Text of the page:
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  • SickKids: The History of the Hospital for Sick Children by David Wright
  • Cynthia Comacchio
David Wright. SickKids: The History of the Hospital for Sick Children. Toronto: University of Toronto Press, 2016. xiv + 460 pp. Ill. $39.95 (978-1-4426-4723-7).

Toronto’s Hospital for Sick Children (now SickKids) is iconic among Canadian institutions as among generations of families who have confidently turned to its exemplary services to meet their children’s health needs. SickKids has been an international frontrunner in pediatric research, innovation, and practices for the better part of its history. David Wright takes the hospital’s story beyond the conventional celebratory chronicle of most such “official” histories. He presents a much more complex story by drawing on the rich hospital archives, contemporary print and photographic materials, medical texts for both professional use and public education, as well as oral histories by past and current associates. For all that any history about children is constrained by the reality that few have left their own documented views, Wright brings forward their perspectives as much as can be uncovered from adult-generated sources, especially in the “Visiting Hours” chapter.

The author carefully contextualizes the hospital’s 1875 founding by an ambitious “ladies committee” drawn primarily from Toronto’s prominent families and motivated by a sense of feminine Christian duty. Their leader, Elizabeth McMaster, was quickly surpassed, however, by John Ross Robertson, an important local [End Page 822] publisher, entrepreneur, and philanthropist. Robertson’s generous funding of a hospital supported precariously by charity effectively gave him the reins until his death in 1918. Wright’s chapter on Robertson, one of those ubiquitous but shadowy historical figures, gives the “paper tyrant” his due without in any way slighting the heroic, if necessarily limited, efforts of McMaster and her ladies. On the other hand, Dr. Alan Brown, hired by Robertson on his brash avowal to halve the hospital’s infant mortality rate, doesn’t quite receive the spotlight owed to him as SickKids’ long-standing physician-in-chief. Wright acknowledges Brown as the early twentieth century’s preeminent Canadian pediatrician and the driving force in innovation, invention (including the famous “mush” known as Pablum), publication, extensive government consultancy (including a prominent role in the Dionne Quintuplets story). He was also instrumental in the infant mortality campaigns nationwide, headed the University of Toronto’s pediatric department, and had an enormous formative influence in training generations of pediatric specialists, nurses, and researchers. Like Robertson, Brown has had little scholarly study dedicated to him. More than Robertson, and confirming the need for fuller treatment, his institutional domination was matched by his external, even international, influence.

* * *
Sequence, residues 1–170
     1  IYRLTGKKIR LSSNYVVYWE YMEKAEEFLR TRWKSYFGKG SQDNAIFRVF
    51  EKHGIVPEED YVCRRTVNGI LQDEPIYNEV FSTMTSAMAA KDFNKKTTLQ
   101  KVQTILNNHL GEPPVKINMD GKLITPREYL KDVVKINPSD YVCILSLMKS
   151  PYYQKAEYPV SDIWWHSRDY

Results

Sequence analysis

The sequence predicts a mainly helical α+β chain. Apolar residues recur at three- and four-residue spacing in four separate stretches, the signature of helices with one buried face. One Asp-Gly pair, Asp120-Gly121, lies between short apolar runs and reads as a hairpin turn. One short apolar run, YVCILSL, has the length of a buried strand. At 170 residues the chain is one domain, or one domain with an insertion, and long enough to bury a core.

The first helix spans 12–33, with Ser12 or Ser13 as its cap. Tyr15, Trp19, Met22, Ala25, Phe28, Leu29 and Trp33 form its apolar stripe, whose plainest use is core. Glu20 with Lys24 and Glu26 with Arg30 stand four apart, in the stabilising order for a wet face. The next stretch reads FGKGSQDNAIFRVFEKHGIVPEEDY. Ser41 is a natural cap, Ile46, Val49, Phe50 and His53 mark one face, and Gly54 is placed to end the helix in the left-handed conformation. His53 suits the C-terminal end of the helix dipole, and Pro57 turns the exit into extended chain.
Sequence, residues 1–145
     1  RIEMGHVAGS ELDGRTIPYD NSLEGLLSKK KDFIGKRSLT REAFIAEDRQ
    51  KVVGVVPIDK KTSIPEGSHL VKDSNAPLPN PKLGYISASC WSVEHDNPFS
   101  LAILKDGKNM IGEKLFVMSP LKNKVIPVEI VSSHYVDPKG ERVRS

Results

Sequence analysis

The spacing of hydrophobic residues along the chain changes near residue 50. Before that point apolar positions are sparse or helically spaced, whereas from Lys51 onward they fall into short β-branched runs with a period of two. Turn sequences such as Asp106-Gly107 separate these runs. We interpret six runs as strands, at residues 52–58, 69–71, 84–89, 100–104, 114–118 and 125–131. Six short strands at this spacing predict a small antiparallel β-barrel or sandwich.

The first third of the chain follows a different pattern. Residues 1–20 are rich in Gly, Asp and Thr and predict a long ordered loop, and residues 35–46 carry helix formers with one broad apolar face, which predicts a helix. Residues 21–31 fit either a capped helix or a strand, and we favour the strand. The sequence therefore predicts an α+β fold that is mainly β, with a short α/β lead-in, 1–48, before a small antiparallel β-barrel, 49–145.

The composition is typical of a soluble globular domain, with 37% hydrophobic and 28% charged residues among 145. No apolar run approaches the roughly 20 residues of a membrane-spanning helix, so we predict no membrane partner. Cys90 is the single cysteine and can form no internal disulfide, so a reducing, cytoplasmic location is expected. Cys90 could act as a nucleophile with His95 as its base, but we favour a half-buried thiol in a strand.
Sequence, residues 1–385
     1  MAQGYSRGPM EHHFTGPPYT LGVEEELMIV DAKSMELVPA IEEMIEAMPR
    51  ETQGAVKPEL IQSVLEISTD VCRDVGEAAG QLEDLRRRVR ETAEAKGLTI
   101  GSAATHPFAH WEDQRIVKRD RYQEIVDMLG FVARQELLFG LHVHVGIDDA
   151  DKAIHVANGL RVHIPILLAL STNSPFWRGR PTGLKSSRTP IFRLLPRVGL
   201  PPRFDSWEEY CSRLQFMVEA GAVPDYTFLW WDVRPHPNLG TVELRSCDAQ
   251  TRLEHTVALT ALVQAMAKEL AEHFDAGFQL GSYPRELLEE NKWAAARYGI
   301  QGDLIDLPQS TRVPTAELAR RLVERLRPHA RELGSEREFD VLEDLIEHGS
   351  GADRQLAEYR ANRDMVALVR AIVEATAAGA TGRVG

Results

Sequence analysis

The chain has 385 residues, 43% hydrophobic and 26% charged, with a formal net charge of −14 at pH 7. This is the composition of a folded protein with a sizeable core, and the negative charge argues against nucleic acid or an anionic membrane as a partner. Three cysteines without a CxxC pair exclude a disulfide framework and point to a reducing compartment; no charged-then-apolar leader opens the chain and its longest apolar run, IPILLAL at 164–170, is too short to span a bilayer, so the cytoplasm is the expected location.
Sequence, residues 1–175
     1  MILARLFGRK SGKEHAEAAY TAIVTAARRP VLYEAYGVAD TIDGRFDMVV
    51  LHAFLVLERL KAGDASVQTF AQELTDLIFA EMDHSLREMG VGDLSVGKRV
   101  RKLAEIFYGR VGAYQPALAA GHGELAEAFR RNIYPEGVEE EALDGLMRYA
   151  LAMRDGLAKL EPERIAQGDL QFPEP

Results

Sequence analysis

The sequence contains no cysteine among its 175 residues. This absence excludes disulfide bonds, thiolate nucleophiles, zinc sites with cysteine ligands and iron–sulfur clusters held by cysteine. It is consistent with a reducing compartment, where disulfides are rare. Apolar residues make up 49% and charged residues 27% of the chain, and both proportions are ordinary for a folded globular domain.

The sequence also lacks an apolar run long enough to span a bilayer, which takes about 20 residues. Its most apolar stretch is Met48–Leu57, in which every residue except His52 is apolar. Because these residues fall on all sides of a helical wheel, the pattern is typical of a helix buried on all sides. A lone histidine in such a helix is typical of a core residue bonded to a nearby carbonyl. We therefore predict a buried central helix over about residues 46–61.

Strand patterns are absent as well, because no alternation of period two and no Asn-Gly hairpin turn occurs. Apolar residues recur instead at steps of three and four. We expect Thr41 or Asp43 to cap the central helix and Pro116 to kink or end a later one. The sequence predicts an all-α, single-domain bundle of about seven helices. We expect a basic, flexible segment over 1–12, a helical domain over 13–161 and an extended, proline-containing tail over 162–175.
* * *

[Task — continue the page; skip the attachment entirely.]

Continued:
As Wright states in his introduction, he strove to maintain the historian’s critical perspective while putting together this official history. The is most notable in his even coverage of the tragic series of infant deaths in 1980–81 that led to a nurse being charged with murder for allegedly injecting four of them with high quantities of digoxin, much internal and external investigation, including a Royal Commission, allegations of a hospital “cover-up” of medical errors and sloppiness, mishandlings of trial procedures, and her eventual acquittal—all carried out amidst a historically unprecedented media frenzy. The few quibbles I have concern, first, the puzzling reliance on British precedents as well as historiography in the introductory chapter, where Wright outlines how Victorian social reform, public health, and child welfare campaigns became entwined with the development of children’s hospitals. If any subject area has had extensive historical attention in Canada, it is that concerning the expansive category of Christian social reform. Wright is not a historian of Canada, but this historiography would have supported his analysis with more direct relevance. Moreover, while there is no denying the long-lasting residual colonialism in the recently created nation-state of Canada, Canadian child welfare efforts—including health care, as SickKids exemplifies—were arguably shaped just as much by American developments in reform, public health, and medicine. Many of the leading Canadian physicians of the time pursued specialized training in the United States: Brown trained under the renowned Dr. Emmett Holt at the Boston Children’s Hospital. This path is worth...


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